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  6. You are an amazing person! You write with purpose & do not hide from the truth! Remember your daughter is also grieving along side you … Her processing is different to yours and she needs you now more than ever … You need her now also … My husband passed on 18.2.15 after hard battle with cancer … He was diagnosed when our youngest daughter was just 3 months old … Our eldest daughter was 6 & had just nearly completed first year of school … We had to relocate from coastal rural area back to the city for ongoing care & medical treatment for our lived one. Very tough time for our family & many challenges lie ahead but we are doing the best we can with the resources available to us … One day at a time … You know what is best for yourself & your precious daughter … God bless

    Liked by 1 person

  7. I am a recently widowed father of 3, our oldest just turned 4 and our youngest was just 15 days old when her mother passed. My wife and I always said we were a good couple because we matched, and now I’m alone. The future we had planned is gone. But I have 3 beautiful children to raise for her. It’s a lot of pressure, but I owe it to her.

    Liked by 1 person

  8. I can totally relate , I lost my young husband when he was 26, we had a four year old daughter at the time. This has been 33 years ago. I ask myself all the same question’s , is this what he would have wanted, am I raising our child in a way he would be proud of. I have never stopped missing him even though I did remarry and have a wonderful husband of 27 years. Our daughter is now a attorney with a son and daughter of her own. I alway’s count the 5 years of marriage I had with him one of my biggest blessings and would not have missed it for the world. My thoughts and prayers are with you.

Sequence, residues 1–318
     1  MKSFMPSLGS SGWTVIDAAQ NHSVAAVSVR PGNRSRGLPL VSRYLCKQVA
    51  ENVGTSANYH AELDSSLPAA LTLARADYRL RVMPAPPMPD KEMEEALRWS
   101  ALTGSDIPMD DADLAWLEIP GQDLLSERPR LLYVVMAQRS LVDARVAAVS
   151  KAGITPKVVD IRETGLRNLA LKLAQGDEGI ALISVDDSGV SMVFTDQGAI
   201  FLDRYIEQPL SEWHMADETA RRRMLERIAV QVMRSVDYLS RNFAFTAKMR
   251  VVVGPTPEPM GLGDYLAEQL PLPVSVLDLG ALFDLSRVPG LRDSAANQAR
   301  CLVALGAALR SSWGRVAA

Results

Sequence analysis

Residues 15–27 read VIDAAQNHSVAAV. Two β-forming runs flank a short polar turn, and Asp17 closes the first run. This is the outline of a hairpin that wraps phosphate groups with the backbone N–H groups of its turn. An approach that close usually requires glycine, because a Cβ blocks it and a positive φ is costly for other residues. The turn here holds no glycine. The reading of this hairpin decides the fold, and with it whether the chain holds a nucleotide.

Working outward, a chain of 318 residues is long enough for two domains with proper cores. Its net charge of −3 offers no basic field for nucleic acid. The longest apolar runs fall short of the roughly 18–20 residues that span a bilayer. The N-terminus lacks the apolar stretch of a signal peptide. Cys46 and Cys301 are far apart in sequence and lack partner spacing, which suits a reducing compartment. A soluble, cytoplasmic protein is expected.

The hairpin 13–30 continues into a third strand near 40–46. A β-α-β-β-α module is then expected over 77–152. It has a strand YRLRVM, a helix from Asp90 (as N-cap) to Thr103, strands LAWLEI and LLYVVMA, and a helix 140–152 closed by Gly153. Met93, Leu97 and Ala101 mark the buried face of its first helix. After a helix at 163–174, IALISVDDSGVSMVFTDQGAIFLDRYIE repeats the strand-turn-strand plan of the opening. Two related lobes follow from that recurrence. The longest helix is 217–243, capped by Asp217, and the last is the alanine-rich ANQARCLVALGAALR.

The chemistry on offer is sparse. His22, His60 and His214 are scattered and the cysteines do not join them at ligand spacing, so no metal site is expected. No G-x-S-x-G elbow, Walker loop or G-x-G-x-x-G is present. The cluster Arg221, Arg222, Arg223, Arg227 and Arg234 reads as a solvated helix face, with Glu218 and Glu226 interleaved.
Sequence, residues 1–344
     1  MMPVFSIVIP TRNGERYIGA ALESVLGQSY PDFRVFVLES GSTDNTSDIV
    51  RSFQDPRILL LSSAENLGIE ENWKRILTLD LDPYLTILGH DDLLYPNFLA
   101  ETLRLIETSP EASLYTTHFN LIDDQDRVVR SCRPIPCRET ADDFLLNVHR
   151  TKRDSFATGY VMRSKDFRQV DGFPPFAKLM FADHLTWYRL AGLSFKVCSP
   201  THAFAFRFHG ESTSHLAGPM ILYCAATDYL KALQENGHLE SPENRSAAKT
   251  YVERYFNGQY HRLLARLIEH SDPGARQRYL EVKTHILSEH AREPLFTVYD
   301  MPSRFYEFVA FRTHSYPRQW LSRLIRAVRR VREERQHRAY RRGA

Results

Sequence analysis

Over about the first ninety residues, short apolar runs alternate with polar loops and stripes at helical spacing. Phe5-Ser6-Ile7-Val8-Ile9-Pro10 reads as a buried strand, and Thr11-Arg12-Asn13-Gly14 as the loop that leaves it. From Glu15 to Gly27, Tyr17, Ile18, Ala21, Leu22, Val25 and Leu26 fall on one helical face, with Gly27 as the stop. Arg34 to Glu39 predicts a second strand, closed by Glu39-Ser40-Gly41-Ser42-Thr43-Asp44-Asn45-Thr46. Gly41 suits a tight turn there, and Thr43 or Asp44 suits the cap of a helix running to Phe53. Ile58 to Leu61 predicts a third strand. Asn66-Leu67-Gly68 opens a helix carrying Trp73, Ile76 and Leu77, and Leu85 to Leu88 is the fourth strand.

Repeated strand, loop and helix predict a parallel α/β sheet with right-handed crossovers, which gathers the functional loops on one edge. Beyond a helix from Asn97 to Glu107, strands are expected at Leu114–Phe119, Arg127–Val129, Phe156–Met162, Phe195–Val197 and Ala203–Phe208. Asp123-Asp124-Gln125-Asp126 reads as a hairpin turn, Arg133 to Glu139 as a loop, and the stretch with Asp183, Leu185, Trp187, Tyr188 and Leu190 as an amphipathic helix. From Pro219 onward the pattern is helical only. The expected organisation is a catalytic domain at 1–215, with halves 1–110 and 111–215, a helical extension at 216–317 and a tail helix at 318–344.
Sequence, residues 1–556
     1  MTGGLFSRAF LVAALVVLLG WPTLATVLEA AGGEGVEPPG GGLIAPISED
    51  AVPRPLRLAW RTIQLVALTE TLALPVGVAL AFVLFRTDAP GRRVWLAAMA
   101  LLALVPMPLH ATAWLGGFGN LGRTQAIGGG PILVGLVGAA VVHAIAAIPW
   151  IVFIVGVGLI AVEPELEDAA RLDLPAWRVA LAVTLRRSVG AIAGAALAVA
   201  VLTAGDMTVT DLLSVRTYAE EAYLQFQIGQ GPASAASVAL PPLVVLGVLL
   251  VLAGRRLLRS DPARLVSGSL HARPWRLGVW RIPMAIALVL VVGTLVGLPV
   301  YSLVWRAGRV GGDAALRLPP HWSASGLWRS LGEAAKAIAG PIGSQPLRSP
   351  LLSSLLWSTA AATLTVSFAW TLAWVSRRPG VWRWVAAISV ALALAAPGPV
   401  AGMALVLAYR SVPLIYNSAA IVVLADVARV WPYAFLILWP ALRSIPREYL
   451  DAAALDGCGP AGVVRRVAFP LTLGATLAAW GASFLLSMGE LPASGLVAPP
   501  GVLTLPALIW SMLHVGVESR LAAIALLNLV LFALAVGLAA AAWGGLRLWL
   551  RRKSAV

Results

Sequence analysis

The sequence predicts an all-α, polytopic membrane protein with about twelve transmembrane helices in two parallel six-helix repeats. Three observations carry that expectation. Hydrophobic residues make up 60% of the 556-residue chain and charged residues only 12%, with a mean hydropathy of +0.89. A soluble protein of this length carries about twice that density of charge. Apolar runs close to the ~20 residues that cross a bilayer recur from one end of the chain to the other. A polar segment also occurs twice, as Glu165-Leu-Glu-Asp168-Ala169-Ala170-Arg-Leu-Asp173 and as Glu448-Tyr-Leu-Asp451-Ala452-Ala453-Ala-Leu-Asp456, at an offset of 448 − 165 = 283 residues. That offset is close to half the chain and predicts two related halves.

Liked by 1 person

  9. Thank you so much for writing this! I can relate to everything with exception to having a toddler. We were fortunate enough to have my husband for 15yrs and my kids had their daddy for 10 & 8 years. I love how you put words to the thoughts swirling in my heart & mind and thank you for identifying them beautifully!!!

    Liked by 1 person

  10. I was married for 1 and 1/2 years and my son was 14 months old when my husband was murdered. It was a sudden very devastating and traumatic experience. I think it would have been easier if we had known he was dying of some illness. It is still not easy by any means to lose a spouse with a young child to raise. It is hard enough to be a widowed single parent raising a young child but it is even harder to find out 10 months after your husband’s death that your child has special needs disabilities. My situation got even tougher than that 4 and 1/2 years after my husband’s death when I buried my mother after taking care of her and watching her die of cancer and 3 days after her funeral I walked into the Courthouse for the start of a 5 week murder trial. In that same week my son started Kindergarten in a regular Kindergarten class after making so much wonderful progress. A year later he had a sudden onset of different types of seizures and overall regression. 1st grade was a real struggle. 2nd grade was worse and I had to pull him out of public school. He is now enrolled in a small private school for Autism. He seems to have periods where he progresses in some ways and then regresses in other ways. It is a continuous struggle. I don’t know one day from the next how things will go. Losing my husband suddenly the way I did was devastating and unimaginable. Life keeps throwing devastating blows, challenges and struggles at me. Through it all I have learned that God helps us handle all we are given and I have learned a strength I never could be possible for any one person to have. Hug your child and know that everyday with your child is a gift and blessing.